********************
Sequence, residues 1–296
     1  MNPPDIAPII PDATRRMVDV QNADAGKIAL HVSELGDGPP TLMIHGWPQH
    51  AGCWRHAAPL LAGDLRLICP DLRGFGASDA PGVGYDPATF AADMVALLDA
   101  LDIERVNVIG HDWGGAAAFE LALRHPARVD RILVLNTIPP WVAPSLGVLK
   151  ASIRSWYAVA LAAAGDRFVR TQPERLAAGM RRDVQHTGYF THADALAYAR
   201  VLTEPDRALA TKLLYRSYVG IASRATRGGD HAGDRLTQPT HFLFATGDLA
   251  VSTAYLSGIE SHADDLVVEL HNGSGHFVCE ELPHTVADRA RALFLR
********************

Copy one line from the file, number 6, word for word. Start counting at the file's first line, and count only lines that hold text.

   201  VLTEPDRALA TKLLYRSYVG IASRATRGGD HAGDRLTQPT HFLFATGDLA